Dancing If you are a dancer or a have some dance experience, pick (or choreograph) a solo routine which best shows off your strengths and chosen form (e.g. ballet, street, contemporary). However, for many of you, dance will be the area of the course furthest from your comfort zone. If it makes you feel more comfortable, find a partner or a group of other students with whom you could dance. Also, know that a dramatic physical theatre routine would also be acceptable. Essentially, we want to see how well you can use physicality to tell a story or explore a theme or emotion.
One of the first things you will be doing in Year 12 is investigating practitioners to find out which styles of performance you are most interested in and would like to follow more closely. This is going to be crucial in determining your own style and philosophy on performance and may end up inspiring and influencing you for the rest of your professional life. As a result, you want to make sure that you start by exploring as many options as possible in order to find the best fit for you. Here is a list of 20 theatre/dance companies and practitioners who have had considerable influence over the performance industry during the past century. Briefly research each one and then pick out three that you would like to study more closely.
How interested are you in this style of What are their theories/philosophies List 2 or 3 pieces of performance? Practitioner on performance (describe briefly in two work that they are best Score from 1-10: or three sentences) known for 10 = I would be happy to dedicate the rest of my career to this style of performance 1 = I have no interest in this
Cirque de Soleil
Andrew Lloyd Webber
Which three of the above practitioners would you like to study more closely (rank them in order of interest)? Practitioner What is it about their style of theatre that appeals to you? 1
Watch as much as you can over the summer holiday. West End musicals are a good place to start and are a great example of top quality theatre and performance. However, they are usually incredibly expensive and generally only represent one style of performance. To be ready for your BTEC, you want to make sure that you have seen and considered a much wider range of performance styles. Here is a list of performance venues that I would recommend as they tend to produce interesting pieces of theatre (and are also considerably cheaper than the West End).
Mainstream/Popular Theatres in London
National Theatre Barbican Young Vic Old Vic
Fringe Theatres in London Usually weird and interesting, fringe theatre tends to be much more experimental in style. Audiences will be considerably smaller, creating a far more intimate setting and you are more likely to experience different types of staging (e.g. in the round, traverse, promenade). They are also often much cheaper than mainstream theatres. Here are some of the top fringe theatres to visit:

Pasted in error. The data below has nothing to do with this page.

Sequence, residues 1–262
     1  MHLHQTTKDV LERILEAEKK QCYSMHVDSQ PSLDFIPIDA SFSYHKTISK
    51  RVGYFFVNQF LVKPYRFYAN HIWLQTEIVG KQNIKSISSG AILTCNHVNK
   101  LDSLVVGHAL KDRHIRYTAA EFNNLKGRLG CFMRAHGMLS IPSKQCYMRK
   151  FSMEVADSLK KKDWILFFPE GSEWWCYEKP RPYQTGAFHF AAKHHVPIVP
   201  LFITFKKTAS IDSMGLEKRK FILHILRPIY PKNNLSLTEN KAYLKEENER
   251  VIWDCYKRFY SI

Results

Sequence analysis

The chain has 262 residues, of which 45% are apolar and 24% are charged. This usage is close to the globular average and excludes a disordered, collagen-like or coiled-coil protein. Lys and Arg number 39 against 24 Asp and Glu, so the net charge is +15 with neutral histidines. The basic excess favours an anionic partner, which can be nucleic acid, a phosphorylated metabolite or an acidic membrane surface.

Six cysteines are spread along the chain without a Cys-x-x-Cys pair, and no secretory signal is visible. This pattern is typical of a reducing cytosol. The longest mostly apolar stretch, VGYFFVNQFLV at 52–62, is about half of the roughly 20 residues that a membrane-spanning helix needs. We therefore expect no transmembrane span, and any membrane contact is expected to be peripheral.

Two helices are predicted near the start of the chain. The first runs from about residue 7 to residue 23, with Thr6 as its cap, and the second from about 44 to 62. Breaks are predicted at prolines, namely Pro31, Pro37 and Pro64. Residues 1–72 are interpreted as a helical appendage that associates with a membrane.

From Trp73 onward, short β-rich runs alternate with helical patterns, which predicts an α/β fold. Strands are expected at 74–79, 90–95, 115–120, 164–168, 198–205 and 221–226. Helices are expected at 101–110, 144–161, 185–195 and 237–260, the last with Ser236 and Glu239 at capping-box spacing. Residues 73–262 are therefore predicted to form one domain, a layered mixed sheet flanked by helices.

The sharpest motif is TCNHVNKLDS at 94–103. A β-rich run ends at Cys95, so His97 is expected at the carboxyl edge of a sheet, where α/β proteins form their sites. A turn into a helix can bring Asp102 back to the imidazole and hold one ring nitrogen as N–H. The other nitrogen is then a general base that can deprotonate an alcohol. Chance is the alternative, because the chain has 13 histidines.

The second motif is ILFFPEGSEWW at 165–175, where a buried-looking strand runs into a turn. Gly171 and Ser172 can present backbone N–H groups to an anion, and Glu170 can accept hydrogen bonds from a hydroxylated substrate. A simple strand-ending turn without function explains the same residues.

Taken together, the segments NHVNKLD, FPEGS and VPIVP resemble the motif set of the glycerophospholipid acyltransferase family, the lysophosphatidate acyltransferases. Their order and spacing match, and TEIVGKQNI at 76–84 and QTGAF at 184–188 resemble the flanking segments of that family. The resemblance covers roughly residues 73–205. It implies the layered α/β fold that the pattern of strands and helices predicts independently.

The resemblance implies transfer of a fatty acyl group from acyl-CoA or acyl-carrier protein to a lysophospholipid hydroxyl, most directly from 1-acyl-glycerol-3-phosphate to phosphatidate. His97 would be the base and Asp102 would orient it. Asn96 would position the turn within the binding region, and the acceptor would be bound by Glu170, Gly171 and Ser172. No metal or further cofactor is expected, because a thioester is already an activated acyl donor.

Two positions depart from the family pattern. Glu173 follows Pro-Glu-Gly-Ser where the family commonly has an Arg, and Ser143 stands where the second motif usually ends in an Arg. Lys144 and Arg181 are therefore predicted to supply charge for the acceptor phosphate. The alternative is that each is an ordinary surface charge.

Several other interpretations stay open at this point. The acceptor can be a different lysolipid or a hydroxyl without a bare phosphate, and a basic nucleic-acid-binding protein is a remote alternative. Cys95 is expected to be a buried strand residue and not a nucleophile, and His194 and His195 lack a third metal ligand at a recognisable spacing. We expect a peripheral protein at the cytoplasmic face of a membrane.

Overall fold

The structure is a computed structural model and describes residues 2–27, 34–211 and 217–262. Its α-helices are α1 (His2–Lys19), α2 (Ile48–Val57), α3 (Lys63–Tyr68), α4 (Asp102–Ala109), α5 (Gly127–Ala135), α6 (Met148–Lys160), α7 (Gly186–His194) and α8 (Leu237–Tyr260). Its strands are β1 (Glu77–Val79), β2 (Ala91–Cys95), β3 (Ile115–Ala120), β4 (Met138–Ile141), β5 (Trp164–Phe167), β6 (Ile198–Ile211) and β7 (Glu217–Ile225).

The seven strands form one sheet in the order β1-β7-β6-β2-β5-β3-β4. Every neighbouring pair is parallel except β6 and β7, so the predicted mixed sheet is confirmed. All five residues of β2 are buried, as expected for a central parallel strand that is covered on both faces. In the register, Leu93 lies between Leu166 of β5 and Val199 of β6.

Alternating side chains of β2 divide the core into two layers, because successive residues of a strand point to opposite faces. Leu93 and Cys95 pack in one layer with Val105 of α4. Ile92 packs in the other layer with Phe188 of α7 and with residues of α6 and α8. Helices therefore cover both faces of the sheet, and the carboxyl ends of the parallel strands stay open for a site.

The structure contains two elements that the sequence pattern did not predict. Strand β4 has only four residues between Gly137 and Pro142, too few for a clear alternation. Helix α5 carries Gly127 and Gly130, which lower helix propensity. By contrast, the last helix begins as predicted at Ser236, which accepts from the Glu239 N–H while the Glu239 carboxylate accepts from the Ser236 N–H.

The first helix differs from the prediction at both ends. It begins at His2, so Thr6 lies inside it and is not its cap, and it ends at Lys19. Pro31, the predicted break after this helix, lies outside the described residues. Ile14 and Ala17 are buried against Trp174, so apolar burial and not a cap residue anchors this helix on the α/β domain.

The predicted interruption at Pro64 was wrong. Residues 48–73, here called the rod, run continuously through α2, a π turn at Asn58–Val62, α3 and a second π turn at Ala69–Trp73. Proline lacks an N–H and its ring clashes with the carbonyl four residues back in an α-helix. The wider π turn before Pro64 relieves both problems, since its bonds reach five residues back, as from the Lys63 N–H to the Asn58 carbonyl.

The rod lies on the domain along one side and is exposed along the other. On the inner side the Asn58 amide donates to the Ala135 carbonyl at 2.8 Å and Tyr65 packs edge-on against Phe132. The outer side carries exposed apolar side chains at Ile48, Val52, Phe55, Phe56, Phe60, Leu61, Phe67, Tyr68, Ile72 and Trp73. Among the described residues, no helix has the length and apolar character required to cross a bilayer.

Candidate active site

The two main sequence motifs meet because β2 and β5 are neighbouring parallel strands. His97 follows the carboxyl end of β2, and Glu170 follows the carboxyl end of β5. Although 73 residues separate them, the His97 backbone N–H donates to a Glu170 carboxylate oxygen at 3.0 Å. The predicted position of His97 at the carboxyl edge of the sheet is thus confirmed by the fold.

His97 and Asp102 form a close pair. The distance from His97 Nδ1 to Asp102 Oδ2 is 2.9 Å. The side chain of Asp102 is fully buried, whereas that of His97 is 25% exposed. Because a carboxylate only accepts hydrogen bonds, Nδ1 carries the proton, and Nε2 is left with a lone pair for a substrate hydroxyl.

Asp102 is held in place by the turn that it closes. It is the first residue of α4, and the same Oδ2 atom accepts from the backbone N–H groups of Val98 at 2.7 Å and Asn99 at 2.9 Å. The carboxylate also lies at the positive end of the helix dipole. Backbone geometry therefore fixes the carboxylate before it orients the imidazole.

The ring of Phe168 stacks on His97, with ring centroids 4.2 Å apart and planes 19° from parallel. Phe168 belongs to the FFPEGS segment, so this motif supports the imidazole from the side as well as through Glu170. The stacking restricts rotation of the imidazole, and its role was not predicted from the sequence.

The Pleasance (Camden) The Cockpit Theatre (Marylebone) Pentameters Theatre (Hampstead) The Canal Café Theatre (Little Venice) Tristan Bates Theatre (Covent Garden) Upstairs at the Gatehouse (Highgate Village)
Site Specific Theatres These are theatres where the space itself creates meaning and can transform the whole piece being performed. These often have a very different feel and dynamic to mainstream theatres and it is well worth checking out at least one of these venues:
Shakespeare’s Globe Regents Park Open Air Theatre Alice’s Adventures Underground (The Vaults – Waterloo)
Alternative Options If you are struggling to afford theatre tickets, getting into London is problematic or you just want to watch as much as possible between live visits to the theatre, consider these alternative options:
National Theatre Live – The National Theatre regularly film and broadcast plays, dances and operas to cinemas around the country. For the price of a cinema ticket, you can sit and watch a professional performance piece on the big screen while it is being performed live. Digital Theatre – The home option. For a small fee, you can download previously performed pieces. They do not have a huge selection but what they do have is brilliant and you can rent a play for just £1.99. Amateur Dramatics – There are many am-dram performance companies in Brentwood. These are great to checkout. They are local (less travelling), tend to be cheap and they show you what you can do with a non- professional cast and a shoestring budget (exactly the kind of constraints you will be performing under).
NB: Make sure you check the suitability of the performance before you book the tickets. Many of the theatres listed above sometimes put on performance pieces containing adult content. But they should add disclaimers to their website if a piece contains nudity, violence or other mature content. It is your responsibility to ensure you are watching performances that are appropriate for you. Theatre Log
Give a brief review (What was interesting about this piece? What did you Where did Date Play Playwright like about it? Did anything about the performance, you see it? direction or design inspire you? Are there any ideas you can steal?) Continue on a separate piece of paper if necessary